‘Extremely good news’: New AstraZeneca discovery


Just one shot of either the Oxford/AstraZeneca or Pfizer/BioNTech vaccine can cut hospital admissions of older people by 80 per cent, new data shows.

British Health Secretary Matt Hancock confirmed the finding and also revealed the jab may offer better protection against COVID-19 than first thought.

The Public Health England figures compared people who received the first dose of the vaccine with others of a similar age who were yet to receive protection.

Mr Hancock said the data was "extremely good news".

"A single shot of either the Oxford/AstraZeneca vaccine or of the Pfizer vaccine works against severe infection among the over-70s with a more than 80 per cent reduction in hospitalisations," he said in a public address to the nation.


"In fact, the detailed data show that the protection that you get from catching COVID 35 days after a first jab is even slightly better for the Oxford jab than for Pfizer, albeit both results are clearly very strong."

It comes as the first supply of the AstraZeneca-Oxford vaccine arrived in Australia.

High-risk Australians are already receiving the Pfizer-BioNTech jab, which requires two doses, 21 days apart.

AstraZeneca, Australia's second COVID vaccine, requires two doses four to 12 weeks apart.

This is what you need to know about AstraZeneca's rollout in Australia.


A total of 300,000 doses of the AstraZeneca vaccine touched down in Sydney on Sunday morning. They were safely transported to a warehouse in Western Sydney where temperature checking got underway. 

Health Minister Greg Hunt on Sunday said he received preliminary advice that temperature had been maintained throughout the course of the flight.

The vaccine, dubbed AZD1222, can be stored and transported at normal refrigerated temps of 2 degrees to 8 degrees Celsius for at least six months.

"This is the first part of the process. So this is another important milestone. In one shipment, we have more than doubled the total amount of vaccines that have arrived in Australia," Mr Hunt said.


The AstraZeneca vaccines will be batch tested by the Therapeutic Goods Administration (TGA) and released by next Monday, March 8, if not earlier, according to Greg Hunt.

Pharmaceutical companies that wish to market a product here must submit evidence including the results of large scale clinical trials to the TGA to prove their medicine is safe to use in humans and that it works to prevent disease or improve a health condition.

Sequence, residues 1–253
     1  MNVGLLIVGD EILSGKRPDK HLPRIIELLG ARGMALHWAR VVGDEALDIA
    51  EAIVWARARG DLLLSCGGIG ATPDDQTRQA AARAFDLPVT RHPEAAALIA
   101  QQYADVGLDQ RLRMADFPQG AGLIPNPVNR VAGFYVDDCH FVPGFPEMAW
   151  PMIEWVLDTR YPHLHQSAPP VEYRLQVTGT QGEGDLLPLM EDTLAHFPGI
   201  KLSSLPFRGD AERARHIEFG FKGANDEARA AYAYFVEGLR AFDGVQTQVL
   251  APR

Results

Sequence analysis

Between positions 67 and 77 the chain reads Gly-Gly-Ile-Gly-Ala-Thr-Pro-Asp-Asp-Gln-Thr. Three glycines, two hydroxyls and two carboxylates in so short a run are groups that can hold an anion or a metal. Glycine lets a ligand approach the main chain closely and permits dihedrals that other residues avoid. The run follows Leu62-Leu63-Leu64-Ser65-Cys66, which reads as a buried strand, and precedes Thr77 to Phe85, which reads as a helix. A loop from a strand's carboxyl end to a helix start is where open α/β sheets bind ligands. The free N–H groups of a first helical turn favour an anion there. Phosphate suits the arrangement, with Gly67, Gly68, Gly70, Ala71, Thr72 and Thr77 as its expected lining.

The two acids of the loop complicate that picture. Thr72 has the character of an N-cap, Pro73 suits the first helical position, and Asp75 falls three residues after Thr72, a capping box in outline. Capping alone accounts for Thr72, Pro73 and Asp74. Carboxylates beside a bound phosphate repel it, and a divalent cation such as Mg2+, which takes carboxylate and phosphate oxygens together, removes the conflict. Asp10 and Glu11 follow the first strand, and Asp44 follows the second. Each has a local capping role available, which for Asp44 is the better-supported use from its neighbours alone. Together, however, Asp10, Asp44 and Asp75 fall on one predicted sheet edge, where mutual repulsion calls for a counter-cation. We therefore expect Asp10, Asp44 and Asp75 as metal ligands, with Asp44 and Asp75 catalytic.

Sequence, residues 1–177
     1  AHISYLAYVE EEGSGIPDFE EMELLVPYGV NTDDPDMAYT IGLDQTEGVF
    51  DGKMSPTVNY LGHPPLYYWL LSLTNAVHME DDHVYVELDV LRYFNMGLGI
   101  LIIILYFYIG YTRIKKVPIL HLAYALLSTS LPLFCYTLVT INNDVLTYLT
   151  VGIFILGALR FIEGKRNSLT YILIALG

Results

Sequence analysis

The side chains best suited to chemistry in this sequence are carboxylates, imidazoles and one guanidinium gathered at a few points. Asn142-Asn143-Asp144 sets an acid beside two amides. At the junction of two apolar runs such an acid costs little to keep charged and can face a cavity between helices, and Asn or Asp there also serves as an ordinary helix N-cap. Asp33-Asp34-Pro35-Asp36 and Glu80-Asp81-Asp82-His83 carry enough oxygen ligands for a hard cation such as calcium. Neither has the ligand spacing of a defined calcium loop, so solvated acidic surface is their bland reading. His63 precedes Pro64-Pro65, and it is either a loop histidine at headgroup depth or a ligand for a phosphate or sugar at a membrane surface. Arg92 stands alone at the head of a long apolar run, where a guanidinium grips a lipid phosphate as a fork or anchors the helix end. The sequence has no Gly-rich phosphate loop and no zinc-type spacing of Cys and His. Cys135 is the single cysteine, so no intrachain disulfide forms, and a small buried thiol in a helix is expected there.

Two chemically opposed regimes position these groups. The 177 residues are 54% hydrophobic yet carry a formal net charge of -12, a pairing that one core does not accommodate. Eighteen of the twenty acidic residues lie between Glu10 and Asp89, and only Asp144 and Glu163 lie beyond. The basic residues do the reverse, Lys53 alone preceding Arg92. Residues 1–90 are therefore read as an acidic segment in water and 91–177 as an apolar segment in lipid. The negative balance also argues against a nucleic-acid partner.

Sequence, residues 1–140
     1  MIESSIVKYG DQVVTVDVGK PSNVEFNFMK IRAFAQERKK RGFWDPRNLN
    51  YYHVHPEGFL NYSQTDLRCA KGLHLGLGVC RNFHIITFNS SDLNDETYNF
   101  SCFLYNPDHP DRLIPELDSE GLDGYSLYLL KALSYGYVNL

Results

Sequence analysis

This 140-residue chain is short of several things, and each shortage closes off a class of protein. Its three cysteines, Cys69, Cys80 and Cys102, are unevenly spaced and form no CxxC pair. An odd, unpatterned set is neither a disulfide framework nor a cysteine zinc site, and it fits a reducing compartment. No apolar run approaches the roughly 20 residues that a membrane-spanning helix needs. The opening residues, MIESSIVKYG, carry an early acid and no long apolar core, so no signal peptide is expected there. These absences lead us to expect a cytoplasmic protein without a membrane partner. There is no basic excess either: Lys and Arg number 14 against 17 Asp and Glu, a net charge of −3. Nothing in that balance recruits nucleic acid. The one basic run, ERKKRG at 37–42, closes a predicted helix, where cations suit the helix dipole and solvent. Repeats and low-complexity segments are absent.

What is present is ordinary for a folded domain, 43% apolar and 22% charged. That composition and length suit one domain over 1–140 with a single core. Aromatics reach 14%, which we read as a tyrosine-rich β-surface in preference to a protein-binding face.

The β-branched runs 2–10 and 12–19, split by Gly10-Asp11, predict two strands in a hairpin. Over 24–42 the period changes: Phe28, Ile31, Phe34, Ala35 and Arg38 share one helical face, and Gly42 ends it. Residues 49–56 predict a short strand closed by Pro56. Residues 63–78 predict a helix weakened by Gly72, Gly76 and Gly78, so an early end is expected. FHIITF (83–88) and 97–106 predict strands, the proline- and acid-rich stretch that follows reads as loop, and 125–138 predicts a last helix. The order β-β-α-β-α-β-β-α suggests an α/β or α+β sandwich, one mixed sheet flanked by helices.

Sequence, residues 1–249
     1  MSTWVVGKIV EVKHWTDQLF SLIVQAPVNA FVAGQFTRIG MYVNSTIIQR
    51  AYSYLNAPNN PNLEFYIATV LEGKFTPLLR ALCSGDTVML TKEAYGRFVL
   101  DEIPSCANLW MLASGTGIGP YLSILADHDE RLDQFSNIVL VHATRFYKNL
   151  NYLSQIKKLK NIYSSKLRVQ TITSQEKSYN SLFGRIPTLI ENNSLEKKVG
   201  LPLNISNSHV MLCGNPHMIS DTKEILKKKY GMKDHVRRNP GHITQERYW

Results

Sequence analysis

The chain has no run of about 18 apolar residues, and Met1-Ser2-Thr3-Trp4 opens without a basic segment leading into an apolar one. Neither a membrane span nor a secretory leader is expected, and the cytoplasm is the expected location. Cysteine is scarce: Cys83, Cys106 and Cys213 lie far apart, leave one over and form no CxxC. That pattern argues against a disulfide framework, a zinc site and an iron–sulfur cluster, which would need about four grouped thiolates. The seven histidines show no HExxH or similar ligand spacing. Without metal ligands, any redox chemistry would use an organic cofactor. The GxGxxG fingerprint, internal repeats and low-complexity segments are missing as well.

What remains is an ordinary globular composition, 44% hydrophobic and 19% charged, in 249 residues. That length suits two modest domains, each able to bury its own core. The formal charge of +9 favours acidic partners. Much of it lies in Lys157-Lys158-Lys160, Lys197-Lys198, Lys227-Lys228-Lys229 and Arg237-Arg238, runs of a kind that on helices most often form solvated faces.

"We will release 200,000 doses to the states, which will more than double that which they will have already received (in the Pfizer vaccine) by this week, and what that means is that they will be in a position to rapidly upscale the rollout to quarantine workers, to all of the 1A participants, in particular they have lead responsibility for quarantine and frontline healthcare workers," Mr Hunt said.


It's the first of 53.8 million units of the AstraZeneca vaccine to be made available in Australia. 

Other shipments will follow, and then, the first of the CSL Australian-made and produced AstraZeneca vaccines are expected to arrive.

CSL is due to deliver one million doses per week, with about two million expected before the end of March.

In total, the company will manufacture 50 million AstraZeneca doses in Victoria.


You can roughly predict when you will be vaccinated but not which vaccine you will get.

The options are AstraZeneca, Pfizer or perhaps, or looking further one from Novavax.

Bur Mr Hunt said most Australians will receive the AstraZeneca vaccine.

"Australia is in a unique position because, importantly, this vaccine gives us the ability to manufacture onshore. Every Australian who wishes to be vaccinated will be able to receive a vaccine this year."

Originally published as 'Extremely good news': New AstraZeneca discovery